Reply to all and forwarding to all: Don’t. It is frustrating to receive emails from group members who simply say “Yes, I can come.” or “No.” when you do not need to receive them. Stop being lazy and take a little time to address your email to the specific people your email is intended for.
Unnecessary information: Aka waffle. Most people waste too much time browsing their inbox as it is without having to read long messages. Keep your emails short and succinct. Provide the necessary facts.
HTML: When you copy and paste emails from websites, you may also unknowingly copy the underlying HTML code across. The HTML in the email you send does not always look like the email someone receives because not all email programs are HTML compatible. So, when they receive HTML content, HTML code might be displayed and other formatting issues may occur. Simply provide a website link if you’re going to copy an entire web page. If you want to copy snippets of information from a website copying the text to a text file program, such as notepad or word, removes HTML and prevents the formatting issues.
Making people’s email addresses known: It is considered rude to send out an email to several recipients in which their email address is visible in the ‘To’ box, unless all the people know each other and are comfortable in sharing their email addresses. You can use the bcc function of emails to hide recipients’ email addresses or use list functions.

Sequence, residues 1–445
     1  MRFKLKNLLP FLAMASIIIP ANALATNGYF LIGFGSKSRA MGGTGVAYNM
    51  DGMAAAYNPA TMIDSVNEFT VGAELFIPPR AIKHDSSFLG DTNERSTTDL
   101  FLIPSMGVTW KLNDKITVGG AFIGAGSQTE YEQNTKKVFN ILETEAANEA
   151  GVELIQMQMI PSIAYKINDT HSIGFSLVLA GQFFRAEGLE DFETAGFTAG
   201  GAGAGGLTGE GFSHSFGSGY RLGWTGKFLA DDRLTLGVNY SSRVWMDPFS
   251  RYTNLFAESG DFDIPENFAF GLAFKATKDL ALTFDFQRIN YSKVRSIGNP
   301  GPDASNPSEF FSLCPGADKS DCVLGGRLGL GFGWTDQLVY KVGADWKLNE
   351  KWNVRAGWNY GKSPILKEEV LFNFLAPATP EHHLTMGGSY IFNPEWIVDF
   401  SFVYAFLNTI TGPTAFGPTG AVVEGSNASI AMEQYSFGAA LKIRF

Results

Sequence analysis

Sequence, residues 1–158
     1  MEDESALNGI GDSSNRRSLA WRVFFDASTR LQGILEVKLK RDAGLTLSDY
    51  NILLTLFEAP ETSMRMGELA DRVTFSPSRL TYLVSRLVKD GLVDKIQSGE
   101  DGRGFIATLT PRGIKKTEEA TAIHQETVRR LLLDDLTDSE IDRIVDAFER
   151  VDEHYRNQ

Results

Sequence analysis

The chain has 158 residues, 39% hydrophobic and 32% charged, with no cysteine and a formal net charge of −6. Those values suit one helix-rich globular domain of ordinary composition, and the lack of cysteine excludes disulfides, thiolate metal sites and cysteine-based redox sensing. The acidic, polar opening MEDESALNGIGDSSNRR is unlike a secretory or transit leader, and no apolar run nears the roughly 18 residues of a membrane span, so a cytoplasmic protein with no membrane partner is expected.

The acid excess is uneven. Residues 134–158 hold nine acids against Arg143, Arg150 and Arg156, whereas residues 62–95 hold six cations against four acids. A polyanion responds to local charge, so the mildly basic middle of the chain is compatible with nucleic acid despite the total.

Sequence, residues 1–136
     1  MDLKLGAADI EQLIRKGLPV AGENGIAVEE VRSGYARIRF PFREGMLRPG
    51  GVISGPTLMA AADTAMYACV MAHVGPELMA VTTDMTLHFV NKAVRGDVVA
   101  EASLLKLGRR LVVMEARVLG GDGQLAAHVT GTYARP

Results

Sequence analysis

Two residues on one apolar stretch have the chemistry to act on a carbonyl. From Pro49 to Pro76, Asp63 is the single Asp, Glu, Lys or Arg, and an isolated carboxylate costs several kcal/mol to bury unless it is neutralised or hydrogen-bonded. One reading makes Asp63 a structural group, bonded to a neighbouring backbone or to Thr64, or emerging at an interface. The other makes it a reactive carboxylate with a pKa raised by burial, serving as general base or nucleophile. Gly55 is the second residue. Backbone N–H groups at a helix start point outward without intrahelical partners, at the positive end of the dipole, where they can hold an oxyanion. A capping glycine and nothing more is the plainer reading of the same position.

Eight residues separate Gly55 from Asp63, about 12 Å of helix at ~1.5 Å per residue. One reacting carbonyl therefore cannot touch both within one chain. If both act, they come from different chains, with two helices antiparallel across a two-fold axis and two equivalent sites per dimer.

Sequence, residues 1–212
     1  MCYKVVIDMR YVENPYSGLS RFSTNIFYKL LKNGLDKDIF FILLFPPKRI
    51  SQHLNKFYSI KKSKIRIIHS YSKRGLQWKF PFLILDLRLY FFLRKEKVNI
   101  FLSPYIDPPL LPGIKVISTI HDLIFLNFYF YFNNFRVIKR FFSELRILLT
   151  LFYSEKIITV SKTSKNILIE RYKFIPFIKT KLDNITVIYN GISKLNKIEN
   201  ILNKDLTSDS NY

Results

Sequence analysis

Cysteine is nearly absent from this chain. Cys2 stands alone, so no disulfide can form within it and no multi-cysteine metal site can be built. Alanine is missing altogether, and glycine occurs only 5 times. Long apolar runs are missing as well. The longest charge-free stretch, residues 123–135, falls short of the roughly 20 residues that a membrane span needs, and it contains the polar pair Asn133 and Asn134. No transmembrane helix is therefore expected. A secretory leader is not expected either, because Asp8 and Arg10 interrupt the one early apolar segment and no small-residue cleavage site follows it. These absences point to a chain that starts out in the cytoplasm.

Emotional emails: Don’t send an email when you are angry. The absence of non-verbal communication in email makes it a poor medium for non factual communications (see last week’s blog).
Removed message thread: Not having the replied message in the sent message is like having a conversation in a vacuum. Change your email settings so that messages you reply to get included in your reply automatically.
Acknowledge important documents: If you are sent some important documents or files, it goes without saying that you should you acknowledge their safe receipt to the sender. It’s amazing how many people do not do this.